Archimedes of Syracuse, shortly known as just Archimedes, was a Greek mathematician, physicist, engineer, inventor, and astronomer. He was born in c. 287 BCE, in Syracuse, Sicily Italy, and died sometime between 212-211 BCE in Syracuse.
He is definitely the most famous mathematician and inventor in ancient Greece. Why? For many reasons. To name one, he is responsible for the discovery of the relation between the surface and volume of a sphere and its circumscribing cylinder.
But he invented more things, making him the most prominent scientist in Classical Antiquity. He is also considered one of the greatest mathematicians of all time. And for this reason, he is believed to be a scientist way ahead of his time.
A Man Of Many Achievements
There’s not much information about Archimedes’ life. So far, we know he was a Greek mathematician, physicist, engineer, inventor, and astronomer. He made important contributions in all these fields. To mention a few, he anticipated modern calculus and analysis.
He used geometrical theorems to make all his discoveries: the area of a circle; the surface area and volume of a sphere; the area of an ellipse; the area under a parabola; among many others. He defined the spiral that today takes his name: the Archimedean spiral.
Besides, he was the first to apply mathematics to physical phenomena, which led him to discover and founding hydrostatics and statics. And if that’s not enough, he designed the screw pump, the compound pulleys, and many defensive war machines to protect his hometown from invasions such as the catapult, the iron hand, and the death ray.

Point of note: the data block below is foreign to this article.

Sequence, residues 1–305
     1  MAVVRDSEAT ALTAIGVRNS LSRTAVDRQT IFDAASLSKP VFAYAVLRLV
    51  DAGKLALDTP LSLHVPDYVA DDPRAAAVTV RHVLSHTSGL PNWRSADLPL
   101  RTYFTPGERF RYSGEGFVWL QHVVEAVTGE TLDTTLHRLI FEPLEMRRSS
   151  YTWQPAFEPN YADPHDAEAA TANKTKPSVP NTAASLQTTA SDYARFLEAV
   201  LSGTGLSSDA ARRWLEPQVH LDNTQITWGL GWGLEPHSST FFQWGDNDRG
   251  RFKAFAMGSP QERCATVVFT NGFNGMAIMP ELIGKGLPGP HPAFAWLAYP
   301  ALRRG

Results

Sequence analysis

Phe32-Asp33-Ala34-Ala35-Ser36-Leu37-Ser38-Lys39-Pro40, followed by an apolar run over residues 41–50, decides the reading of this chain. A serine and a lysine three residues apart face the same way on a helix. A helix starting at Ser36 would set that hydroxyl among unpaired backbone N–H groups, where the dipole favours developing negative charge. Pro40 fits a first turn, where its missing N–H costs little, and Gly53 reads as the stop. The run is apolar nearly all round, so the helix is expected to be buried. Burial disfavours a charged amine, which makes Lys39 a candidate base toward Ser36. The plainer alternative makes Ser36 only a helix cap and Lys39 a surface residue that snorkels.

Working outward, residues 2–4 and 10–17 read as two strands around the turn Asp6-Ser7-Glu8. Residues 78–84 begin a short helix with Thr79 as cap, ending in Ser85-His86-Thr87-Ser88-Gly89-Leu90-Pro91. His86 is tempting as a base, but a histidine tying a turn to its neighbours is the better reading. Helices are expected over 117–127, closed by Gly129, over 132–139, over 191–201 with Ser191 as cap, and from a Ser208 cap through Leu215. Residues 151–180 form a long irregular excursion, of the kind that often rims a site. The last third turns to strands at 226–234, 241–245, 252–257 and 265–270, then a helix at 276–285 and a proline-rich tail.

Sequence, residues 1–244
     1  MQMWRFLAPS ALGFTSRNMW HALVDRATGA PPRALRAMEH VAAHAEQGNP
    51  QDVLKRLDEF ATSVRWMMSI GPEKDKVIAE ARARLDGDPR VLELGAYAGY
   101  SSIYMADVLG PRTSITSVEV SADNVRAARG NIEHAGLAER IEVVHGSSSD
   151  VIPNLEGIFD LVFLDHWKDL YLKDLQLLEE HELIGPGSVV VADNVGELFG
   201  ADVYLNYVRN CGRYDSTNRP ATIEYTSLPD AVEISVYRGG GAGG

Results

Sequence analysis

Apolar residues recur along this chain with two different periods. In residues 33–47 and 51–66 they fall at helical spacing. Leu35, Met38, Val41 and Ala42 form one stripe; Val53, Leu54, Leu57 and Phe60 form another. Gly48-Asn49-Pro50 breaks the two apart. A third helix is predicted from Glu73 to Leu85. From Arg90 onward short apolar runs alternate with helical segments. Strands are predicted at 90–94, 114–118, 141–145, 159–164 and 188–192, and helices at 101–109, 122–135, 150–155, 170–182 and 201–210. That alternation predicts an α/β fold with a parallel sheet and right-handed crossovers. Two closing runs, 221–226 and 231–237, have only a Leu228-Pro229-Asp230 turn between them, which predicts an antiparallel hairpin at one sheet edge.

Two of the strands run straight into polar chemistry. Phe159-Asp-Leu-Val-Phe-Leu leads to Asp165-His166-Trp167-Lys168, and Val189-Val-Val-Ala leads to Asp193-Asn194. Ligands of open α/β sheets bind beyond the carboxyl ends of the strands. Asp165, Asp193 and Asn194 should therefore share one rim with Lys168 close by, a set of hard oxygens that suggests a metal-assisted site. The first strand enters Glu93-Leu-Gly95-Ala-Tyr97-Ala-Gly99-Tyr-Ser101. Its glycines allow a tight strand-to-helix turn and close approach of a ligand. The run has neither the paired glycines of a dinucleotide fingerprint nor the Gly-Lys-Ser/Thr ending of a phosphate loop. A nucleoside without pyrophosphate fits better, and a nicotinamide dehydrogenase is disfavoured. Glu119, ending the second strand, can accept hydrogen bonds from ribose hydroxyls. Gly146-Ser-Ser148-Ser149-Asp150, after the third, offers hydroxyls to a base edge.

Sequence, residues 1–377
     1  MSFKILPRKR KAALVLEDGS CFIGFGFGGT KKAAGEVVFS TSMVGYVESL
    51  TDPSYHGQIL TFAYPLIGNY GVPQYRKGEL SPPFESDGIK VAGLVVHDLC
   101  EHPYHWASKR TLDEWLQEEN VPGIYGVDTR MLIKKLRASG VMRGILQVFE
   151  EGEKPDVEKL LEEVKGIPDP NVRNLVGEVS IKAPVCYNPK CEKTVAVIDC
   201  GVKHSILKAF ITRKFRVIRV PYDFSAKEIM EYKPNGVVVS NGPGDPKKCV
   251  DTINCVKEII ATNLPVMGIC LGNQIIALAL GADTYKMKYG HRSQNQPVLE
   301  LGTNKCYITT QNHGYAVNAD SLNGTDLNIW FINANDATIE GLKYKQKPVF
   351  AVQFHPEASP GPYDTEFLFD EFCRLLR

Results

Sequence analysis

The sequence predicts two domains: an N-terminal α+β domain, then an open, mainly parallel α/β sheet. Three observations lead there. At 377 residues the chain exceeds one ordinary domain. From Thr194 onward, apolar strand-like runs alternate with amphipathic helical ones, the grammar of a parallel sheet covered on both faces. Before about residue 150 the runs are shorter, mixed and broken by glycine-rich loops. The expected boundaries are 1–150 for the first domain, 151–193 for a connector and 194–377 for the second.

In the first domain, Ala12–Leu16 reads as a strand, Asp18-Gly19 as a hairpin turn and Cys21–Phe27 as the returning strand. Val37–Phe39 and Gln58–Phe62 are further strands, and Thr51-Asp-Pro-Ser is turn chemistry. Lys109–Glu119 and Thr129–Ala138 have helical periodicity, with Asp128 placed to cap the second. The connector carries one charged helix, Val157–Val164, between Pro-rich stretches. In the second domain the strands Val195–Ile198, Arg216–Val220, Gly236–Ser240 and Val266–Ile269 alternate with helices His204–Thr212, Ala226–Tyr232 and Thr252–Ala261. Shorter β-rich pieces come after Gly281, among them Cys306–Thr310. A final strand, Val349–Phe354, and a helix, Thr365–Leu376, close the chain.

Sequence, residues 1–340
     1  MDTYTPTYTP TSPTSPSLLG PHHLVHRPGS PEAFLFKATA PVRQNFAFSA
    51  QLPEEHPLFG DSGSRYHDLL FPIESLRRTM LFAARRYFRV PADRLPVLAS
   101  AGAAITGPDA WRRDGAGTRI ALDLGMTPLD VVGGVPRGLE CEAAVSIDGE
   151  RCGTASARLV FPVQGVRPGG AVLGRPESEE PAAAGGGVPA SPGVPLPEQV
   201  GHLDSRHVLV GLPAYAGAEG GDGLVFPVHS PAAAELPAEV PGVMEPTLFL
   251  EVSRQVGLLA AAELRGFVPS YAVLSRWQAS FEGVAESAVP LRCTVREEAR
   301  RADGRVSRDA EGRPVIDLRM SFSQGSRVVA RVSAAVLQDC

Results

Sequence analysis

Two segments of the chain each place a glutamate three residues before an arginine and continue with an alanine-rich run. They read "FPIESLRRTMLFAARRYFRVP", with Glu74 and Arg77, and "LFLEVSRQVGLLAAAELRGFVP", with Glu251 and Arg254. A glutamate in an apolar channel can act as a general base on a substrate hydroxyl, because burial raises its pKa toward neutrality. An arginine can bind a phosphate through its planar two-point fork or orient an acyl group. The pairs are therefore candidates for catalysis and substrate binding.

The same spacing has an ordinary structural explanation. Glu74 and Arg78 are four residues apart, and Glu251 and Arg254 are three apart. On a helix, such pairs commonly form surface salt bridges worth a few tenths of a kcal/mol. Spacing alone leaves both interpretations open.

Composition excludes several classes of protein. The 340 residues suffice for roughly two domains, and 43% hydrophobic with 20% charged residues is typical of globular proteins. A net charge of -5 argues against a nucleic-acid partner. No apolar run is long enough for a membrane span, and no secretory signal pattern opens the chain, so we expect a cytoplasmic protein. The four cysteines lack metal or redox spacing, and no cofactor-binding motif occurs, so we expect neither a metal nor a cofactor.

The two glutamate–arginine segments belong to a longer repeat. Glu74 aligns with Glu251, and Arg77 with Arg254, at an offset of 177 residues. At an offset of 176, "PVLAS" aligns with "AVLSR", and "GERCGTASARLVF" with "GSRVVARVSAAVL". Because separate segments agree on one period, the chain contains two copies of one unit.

The Other Side Of The Story
No wonder he is considered the father of simple machines. One of his best-known inventions is definitely the Archimedes Screw. It was first designed by the ancient Egyptians and used to raise water from a lower to a higher level. But Archimedes saw an opportunity and improved the invention.
The improvement was such that even today the Archimedes screw is still used in developing countries as a method of irrigation and as a tool to lift loose foods, like grains.
Archimedes died at age 75 when he was captured by Roman forces. People believe he was solving a math problem when he was captured and killed by a Roman soldier. A legend says his last words were “do not disturb my circles”, which allegedly refer to his mathematical discoveries. His tomb was surmounted by a sphere and a cylinder to honor his great mathematical life.